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Microsoft debuts Windows for the Poor

$3 suite for students in developing countries

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Microsoft is to sell a Windows bundle for $3 targeting students in emerging markets.

The Student Innovation Suite will feature Windows XP Starter Edition, Office Home and Student, Microsoft Math 3.0, Learning Essentials 2.0 for Office and Windows Live Mail, and will be available in selected countries where governments pay for students' PCs in the second half of the year. The suite will be extended in 2008 to countries defined as low or middle income by the World Bank.

In what could be the latest dig at Nicholas Negroponte's One Laptop Per Child, Microsoft today called the Suite an "affordable and reliable" package for primary and secondary school students.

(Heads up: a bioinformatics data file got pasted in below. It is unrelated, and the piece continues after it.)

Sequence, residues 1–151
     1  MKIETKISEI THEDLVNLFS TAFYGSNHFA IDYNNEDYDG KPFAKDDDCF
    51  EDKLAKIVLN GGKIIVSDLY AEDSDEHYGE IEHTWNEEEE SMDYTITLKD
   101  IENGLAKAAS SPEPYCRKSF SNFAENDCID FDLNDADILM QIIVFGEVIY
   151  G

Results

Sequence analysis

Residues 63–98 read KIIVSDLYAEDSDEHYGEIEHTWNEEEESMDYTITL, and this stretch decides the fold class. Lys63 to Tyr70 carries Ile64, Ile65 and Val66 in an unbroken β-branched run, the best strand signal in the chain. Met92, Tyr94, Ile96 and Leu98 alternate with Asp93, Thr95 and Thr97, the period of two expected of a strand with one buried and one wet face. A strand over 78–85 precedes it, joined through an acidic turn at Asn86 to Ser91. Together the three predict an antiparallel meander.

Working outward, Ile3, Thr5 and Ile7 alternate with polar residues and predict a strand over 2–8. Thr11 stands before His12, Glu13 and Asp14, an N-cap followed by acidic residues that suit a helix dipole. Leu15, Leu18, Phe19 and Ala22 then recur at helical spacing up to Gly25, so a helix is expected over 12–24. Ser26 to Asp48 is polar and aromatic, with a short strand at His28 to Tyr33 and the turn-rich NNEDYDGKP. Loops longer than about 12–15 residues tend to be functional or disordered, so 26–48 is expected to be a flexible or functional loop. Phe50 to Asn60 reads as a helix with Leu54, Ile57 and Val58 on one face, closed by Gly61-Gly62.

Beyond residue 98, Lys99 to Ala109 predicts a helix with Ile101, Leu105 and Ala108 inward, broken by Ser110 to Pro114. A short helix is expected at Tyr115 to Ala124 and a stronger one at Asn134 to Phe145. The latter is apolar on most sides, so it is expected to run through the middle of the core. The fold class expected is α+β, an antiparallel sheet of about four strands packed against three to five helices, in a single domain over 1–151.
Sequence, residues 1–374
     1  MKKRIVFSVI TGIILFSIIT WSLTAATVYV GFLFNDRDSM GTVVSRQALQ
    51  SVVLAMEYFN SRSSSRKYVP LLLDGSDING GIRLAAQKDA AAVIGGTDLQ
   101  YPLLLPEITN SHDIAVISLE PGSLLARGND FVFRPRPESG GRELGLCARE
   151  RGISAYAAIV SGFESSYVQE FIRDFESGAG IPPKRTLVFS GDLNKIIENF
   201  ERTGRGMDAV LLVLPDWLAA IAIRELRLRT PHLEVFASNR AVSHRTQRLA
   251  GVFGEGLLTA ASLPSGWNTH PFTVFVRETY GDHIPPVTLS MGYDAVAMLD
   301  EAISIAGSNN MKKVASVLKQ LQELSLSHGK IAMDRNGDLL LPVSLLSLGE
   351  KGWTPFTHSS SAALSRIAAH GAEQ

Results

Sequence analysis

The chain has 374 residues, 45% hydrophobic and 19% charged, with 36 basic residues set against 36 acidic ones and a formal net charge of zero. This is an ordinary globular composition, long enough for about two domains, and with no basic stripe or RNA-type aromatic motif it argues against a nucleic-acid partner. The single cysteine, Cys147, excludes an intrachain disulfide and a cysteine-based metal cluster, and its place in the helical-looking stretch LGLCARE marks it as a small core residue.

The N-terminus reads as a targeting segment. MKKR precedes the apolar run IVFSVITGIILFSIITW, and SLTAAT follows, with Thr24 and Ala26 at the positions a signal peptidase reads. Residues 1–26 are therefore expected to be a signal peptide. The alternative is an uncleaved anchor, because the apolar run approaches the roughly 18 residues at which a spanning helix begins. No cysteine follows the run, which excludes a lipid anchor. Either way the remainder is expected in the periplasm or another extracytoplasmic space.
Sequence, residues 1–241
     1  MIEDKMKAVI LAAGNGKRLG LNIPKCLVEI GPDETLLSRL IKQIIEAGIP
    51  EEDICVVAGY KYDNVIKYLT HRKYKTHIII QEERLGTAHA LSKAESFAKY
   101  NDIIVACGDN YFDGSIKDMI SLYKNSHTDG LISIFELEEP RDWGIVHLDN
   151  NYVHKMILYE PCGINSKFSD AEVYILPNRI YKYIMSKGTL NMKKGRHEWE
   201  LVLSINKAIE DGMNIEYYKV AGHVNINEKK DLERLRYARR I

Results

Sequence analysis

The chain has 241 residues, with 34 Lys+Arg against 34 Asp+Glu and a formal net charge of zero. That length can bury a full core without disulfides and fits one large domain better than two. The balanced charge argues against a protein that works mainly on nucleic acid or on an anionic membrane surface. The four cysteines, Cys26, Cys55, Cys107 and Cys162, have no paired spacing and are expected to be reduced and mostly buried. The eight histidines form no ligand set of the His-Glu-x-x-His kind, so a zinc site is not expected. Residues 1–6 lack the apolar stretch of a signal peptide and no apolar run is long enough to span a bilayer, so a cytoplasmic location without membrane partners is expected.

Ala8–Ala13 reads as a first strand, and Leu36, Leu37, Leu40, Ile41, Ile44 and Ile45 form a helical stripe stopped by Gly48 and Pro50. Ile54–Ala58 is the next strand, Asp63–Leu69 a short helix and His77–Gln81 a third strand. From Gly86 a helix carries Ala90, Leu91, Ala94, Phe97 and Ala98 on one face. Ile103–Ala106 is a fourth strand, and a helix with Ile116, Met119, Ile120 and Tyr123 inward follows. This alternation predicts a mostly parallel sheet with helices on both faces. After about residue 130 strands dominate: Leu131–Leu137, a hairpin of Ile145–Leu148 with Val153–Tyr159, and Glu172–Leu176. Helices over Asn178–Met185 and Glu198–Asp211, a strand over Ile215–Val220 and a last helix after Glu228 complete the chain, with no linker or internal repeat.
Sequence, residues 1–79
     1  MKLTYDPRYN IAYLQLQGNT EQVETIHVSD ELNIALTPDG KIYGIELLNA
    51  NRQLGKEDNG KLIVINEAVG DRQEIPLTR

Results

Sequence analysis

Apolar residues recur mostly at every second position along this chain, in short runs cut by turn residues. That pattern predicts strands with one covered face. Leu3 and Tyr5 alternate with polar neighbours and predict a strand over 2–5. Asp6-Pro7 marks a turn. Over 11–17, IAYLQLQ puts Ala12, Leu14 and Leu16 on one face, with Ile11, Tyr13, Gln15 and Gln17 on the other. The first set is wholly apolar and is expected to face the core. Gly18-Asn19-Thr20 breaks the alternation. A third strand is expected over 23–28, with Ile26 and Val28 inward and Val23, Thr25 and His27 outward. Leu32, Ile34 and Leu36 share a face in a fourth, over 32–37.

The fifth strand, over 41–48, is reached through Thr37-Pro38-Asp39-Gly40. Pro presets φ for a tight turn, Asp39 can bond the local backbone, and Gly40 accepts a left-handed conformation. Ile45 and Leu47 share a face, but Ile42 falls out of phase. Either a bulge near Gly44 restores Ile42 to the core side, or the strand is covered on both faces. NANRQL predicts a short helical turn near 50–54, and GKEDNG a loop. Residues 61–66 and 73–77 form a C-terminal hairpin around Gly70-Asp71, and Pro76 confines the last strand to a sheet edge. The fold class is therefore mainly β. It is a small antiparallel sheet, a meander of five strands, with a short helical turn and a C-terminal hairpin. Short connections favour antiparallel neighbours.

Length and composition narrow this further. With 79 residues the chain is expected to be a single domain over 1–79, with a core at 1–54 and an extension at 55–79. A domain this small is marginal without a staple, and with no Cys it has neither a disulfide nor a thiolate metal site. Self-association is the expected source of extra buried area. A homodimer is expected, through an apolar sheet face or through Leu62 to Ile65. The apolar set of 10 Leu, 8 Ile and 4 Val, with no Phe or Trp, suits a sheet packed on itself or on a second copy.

Last year Bill Gates mocked Negroponte's wind-up device, while the Indian Government dismissed the machine as not serious.

The offer comes after Microsoft conceived Windows XP Starter Edition in 2004, to stave off Linux and open source in emerging markets where users were simply unable to pay the hundreds of dollars needed to license Microsoft's software.

Microsoft's focus on governments comes after Windows XP Starter Edition had originally targeted local OEMs in Thailand, Malaysia and Indonesia.

The operating system was devised as the governments of Thailand and Malaysia separately sponsored projects to build sub-$250 desktops and $400 laptops for their citizens. Microsoft had abstained from these projects because of its unwillingness to depart from a single price list.

Microsoft has also today committed to double its number of Innovation Centers to 200 in the next few years, providing advice and hardware to local developers. ®

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